– Ecnerwal
    Commented Apr 27 at 14:58
  • There's precedent for adding sugar.  For example, Peter Clemenza said in The Godfather: “…and a little bit of wine.  And a little bit of sugar: and that's my trick.”
    – gidds
    Commented May 6 at 11:59
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If you specifically want sweet and tomato, you might want to use tomato ketchup. (Known as “tomato sauce” in the UK).

It will give you sweetness, but also a little extra tang (commonly from vinegar) and possibly some salt.

It’s also not uncommon for a lot of tomato dishes to call for a bit of white sugar to compensate for tomatoes that may have been picked before they’re fully ripe.

When using tomato paste (called “tomato purée” in the UK and one of the few tomato products sold in tubes), you typically add it fairly early in most recipes, and then cook it before you’ve added any liquid. This will help to intensify both the tomato and sweet flavors. (And then you add your liquid and scrape the bottom of the pan or pot, so you don’t end up burning it).

It will also make sure that the flavor distributes well through the whole dish. If you have to add it later, I would suggest pulling out some of the liquid (maybe 1/2 to 1cup; about 120 to 250mL), mixing the tomato paste into that smaller amount, then mixing that into the larger pot.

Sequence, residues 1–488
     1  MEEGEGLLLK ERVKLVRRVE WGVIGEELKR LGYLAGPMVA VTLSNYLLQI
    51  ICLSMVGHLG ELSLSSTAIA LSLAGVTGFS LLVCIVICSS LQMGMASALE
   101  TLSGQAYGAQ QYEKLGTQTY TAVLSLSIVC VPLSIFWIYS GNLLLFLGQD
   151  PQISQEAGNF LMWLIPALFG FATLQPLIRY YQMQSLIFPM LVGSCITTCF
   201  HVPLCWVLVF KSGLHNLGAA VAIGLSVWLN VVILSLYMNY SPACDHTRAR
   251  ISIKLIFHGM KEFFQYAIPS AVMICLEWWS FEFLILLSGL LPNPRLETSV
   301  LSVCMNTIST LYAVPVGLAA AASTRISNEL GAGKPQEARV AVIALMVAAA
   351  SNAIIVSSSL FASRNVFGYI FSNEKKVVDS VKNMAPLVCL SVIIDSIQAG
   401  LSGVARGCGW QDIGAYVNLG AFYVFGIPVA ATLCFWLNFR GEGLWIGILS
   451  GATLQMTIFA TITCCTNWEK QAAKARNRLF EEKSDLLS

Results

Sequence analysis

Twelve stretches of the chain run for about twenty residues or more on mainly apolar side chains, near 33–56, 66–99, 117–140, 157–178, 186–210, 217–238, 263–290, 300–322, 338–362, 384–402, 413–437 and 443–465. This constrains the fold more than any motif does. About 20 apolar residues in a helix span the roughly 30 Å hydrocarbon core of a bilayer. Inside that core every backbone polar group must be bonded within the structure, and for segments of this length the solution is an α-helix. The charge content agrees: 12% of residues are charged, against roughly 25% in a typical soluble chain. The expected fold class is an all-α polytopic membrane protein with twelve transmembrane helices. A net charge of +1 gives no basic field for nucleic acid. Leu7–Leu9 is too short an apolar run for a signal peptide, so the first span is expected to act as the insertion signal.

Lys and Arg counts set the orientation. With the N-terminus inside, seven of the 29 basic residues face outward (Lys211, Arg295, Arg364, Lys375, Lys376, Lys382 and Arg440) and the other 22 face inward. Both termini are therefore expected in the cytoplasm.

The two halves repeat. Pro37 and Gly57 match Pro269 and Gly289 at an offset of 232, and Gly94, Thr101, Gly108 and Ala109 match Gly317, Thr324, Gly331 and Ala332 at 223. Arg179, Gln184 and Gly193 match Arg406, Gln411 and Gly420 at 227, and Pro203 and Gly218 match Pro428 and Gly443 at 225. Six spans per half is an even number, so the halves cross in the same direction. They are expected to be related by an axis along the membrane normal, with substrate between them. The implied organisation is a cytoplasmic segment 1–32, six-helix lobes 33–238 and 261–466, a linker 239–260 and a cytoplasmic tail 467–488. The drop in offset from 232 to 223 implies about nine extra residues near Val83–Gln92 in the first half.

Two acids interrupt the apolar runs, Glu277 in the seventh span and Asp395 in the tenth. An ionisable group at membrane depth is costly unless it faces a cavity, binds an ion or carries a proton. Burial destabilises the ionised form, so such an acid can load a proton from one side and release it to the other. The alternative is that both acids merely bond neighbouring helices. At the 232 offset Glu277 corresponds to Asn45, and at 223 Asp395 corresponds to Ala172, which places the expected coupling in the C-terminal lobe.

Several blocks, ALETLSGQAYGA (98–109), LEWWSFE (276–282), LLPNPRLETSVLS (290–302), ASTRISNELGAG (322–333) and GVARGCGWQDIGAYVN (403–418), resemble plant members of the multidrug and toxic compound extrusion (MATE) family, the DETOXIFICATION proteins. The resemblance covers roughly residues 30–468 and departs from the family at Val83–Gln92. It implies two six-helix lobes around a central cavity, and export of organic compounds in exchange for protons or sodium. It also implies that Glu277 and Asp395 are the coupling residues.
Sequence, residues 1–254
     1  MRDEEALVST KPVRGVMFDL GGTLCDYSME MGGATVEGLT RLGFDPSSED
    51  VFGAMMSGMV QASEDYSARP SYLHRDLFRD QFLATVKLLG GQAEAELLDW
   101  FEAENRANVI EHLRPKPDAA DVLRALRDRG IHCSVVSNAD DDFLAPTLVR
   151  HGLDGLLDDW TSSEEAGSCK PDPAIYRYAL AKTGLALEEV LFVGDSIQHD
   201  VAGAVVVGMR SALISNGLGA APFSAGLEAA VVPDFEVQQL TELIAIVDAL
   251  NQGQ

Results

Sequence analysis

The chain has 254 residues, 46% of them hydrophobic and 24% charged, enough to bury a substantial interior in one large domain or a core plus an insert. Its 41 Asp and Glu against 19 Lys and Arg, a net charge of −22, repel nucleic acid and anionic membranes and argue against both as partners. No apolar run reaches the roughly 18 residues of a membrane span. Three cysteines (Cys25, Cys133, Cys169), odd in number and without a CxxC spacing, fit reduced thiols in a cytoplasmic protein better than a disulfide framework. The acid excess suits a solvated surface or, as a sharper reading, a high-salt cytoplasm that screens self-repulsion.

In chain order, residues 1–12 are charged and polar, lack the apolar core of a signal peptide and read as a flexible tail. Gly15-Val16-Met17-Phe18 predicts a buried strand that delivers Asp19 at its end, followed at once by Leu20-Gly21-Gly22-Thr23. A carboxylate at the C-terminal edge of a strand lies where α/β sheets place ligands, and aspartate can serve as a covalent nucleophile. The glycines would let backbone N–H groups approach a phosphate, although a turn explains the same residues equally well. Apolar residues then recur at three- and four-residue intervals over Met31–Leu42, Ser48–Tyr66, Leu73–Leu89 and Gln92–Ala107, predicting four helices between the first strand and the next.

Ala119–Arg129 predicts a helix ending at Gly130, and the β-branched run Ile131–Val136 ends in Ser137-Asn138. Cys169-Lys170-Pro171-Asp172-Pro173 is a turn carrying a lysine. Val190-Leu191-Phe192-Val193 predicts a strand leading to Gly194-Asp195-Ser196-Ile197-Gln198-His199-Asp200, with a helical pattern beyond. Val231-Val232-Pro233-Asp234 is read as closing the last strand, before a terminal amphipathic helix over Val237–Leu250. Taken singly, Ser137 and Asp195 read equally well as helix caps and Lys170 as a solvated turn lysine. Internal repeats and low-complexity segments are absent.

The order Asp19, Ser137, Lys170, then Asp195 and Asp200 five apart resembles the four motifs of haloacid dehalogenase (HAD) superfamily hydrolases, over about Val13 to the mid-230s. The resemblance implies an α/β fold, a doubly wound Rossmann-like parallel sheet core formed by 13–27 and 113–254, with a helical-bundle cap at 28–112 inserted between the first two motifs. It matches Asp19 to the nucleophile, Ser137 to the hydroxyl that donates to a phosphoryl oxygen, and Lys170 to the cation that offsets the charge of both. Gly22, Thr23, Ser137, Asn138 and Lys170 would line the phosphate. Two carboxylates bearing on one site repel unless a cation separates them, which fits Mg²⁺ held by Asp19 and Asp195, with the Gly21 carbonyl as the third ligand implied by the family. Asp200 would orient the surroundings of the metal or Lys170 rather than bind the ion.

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Another option would be to add apples or applesauce to your dish. This gives sweetness and fruitiness.

Depending on your location there should be applesauces without any additional sugar.

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You haven't mentioned any quantities, so I'm going to assume you intend to use the same amount by weight of each product.

Powder.

The only difference between the products mentioned is the amount of water left in them:

  • passata is chopped/sieved/strained tomatoes, like a nicely consistent can of 'chopped tomatoes' without extra liquid
  • puree/paste is further reduced to an ambiguous and varying concentration
  • powder is dehydrated so 'none' of the tomatoes' water remains

(I'm ignoring 'sauce' because that could be anything, what else is in it? It's going to be basically equivalent to passata plus its other ingredients.)

So it really just boils down to how much tomato your putting in, and if you put in the same amount of any of those then the powder is a lot more tomato.

(But I'm not saying you should dump loads of it in your stew, just answering the actual question. Consider also sugar (which the 'sauce' would probably be a proxy for), MSG, Worcestershire sauce - maybe you're focussing too much on type of tomato when actually it's not the way, or the best way, to get the 'sweet and tangy'-ness you're looking for.)

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A home-made stock tomato sauce can enhance sweetness, tang, and complexity without harshness by layering tomato flavours and seasoning ..

  • Finely sliced garlic brought to a gold colour, from cold, in (not your best) olive oil.. optional touch of chilli flakes
  • Tomato Paste fried out in the oil until it darkens and smells a bit of caramel, for rich sweetness
  • A dry acidity from a splash of white wine for seasoning rather than flavouring, reduced. Apple juice can substitute.
  • Passata, or a stick-blended can of tomatoes
  • Simmered low for half an hour or so in a wide pan, to thicken.

.. seasoned in whatever direction you need with... black pepper / dried oregano / basil stem / honey..

But maybe the most relevant component to your question is the tomato paste, fried / dry-fried until it caramelizes.